The feeling I had after exiting the blogopshere for few days this week reminded me of how I felt after I left the Republican National Convention last September. Inside the convention hall, there was great excitement, and no small dose of euphoria, over the selection of Sarah Palin. The words “home-run” and especially “game-changer” seemed to be on almost everyone’s lips.
On the outside, however, sentiment was quite different. Yes, people found Palin intriguing, but they wanted to learn more about her. The game had not changed; rather a new inning had commenced that might or might not tilt the outcome and, if it did, might or might not tilt it in favor of John McCain.
Today, similarly, precincts within the conservative blogosphere see the game changing to President Obama’s significant detriment. On the outside, though, I find people skeptical about the direction in which Obama is taking the country, but not ready to turn decisively against him. They want to see more; in particular, they want to be able to judge the impact of his programs on the economy and to see the shape of his future programs.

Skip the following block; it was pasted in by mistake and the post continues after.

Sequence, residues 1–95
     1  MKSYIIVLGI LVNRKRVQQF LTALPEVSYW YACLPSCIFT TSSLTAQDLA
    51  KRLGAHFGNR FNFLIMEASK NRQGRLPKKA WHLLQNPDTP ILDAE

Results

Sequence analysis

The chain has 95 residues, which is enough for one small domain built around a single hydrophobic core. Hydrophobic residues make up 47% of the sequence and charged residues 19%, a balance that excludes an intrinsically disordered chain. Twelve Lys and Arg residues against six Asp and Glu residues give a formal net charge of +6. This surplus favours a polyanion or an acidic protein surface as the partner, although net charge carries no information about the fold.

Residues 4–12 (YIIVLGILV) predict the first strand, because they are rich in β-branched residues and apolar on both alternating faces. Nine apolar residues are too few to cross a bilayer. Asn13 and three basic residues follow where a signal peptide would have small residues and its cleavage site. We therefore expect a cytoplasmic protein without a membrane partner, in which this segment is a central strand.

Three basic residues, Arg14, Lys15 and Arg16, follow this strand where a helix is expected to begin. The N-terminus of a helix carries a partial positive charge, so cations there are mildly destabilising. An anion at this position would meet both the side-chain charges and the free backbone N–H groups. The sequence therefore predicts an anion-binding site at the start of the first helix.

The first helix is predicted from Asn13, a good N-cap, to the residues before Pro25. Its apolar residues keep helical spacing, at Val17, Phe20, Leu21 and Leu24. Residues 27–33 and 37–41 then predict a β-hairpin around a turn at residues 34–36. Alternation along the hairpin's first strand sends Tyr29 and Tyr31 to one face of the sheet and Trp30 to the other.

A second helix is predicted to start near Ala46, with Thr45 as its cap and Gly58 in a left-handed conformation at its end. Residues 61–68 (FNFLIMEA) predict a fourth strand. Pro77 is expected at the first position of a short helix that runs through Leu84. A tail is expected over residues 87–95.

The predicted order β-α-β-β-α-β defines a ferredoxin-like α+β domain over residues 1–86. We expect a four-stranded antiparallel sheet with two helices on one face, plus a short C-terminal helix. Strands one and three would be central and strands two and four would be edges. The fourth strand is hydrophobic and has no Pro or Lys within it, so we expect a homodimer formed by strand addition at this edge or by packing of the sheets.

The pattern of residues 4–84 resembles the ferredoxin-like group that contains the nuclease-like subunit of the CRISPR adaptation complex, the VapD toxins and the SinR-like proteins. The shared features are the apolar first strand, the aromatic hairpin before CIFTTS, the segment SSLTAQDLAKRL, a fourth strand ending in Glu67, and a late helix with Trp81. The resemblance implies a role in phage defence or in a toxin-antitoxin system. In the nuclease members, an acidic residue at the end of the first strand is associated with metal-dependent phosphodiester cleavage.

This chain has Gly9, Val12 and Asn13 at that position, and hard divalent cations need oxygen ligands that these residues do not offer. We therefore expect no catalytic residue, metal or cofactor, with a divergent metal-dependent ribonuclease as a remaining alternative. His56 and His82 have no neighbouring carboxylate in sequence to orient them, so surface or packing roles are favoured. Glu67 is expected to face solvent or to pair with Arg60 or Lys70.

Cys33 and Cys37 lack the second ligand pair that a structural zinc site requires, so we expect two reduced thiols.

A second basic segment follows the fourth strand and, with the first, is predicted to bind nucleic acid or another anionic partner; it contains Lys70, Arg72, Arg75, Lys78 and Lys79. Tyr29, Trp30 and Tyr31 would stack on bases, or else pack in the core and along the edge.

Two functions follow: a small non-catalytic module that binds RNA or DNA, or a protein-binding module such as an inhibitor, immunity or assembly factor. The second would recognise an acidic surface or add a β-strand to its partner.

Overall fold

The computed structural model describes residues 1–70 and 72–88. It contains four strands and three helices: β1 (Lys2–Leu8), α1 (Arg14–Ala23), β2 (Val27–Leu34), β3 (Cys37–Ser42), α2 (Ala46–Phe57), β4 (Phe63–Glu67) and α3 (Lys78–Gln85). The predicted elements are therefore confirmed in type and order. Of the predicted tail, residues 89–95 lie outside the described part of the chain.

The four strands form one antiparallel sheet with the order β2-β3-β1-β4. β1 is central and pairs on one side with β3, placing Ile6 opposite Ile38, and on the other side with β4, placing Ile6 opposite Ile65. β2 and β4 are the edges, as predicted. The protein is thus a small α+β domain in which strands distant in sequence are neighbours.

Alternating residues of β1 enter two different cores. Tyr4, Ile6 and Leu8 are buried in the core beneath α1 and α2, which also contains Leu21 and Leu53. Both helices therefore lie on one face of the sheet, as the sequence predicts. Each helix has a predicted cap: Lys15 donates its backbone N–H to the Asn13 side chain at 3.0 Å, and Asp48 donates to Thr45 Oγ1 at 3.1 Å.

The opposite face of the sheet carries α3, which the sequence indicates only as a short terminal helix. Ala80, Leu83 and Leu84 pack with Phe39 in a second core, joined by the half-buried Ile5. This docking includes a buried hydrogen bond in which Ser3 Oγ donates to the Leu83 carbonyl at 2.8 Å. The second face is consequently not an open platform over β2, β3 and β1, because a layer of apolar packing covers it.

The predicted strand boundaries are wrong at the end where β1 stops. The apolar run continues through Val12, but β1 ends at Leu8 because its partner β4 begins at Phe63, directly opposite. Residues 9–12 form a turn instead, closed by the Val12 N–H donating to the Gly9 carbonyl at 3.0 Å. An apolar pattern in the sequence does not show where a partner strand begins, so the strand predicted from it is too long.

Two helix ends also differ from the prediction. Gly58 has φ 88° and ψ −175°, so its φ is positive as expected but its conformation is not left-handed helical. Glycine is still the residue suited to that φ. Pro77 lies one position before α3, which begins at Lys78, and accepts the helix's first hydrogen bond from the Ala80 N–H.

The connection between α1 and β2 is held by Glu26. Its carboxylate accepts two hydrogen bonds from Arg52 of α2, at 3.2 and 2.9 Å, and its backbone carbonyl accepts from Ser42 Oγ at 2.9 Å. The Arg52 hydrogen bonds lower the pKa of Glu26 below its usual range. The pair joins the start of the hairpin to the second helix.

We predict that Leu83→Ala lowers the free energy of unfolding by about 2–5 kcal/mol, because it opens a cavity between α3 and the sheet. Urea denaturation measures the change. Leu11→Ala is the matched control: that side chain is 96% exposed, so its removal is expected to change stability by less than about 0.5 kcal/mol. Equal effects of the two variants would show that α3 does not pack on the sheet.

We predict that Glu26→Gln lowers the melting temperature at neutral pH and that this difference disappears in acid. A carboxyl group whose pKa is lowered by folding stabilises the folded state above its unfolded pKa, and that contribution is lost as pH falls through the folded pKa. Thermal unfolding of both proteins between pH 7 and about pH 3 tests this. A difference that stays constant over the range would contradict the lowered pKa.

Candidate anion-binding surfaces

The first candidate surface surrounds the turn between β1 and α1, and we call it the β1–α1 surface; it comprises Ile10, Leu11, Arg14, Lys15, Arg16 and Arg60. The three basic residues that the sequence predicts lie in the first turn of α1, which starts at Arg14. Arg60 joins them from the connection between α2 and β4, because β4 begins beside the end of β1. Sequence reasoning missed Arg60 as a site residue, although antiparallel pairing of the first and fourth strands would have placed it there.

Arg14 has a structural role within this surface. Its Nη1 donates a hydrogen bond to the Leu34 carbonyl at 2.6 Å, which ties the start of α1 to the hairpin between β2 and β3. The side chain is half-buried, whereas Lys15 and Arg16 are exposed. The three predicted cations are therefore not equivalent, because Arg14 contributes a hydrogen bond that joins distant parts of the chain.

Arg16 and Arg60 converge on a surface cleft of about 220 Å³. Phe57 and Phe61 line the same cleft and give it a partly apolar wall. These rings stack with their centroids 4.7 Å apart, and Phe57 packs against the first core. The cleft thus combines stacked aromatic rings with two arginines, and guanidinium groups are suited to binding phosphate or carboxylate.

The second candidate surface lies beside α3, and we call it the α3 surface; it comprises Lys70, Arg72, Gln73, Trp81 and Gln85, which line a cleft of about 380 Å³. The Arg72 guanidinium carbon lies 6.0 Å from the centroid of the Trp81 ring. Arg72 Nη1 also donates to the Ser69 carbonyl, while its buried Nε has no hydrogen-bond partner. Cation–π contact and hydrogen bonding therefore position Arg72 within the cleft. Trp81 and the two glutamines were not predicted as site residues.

From a policy perspective, the game is changing. Politically, however, we are simply starting a new inning that might or might not change the score in favor of one party or the other.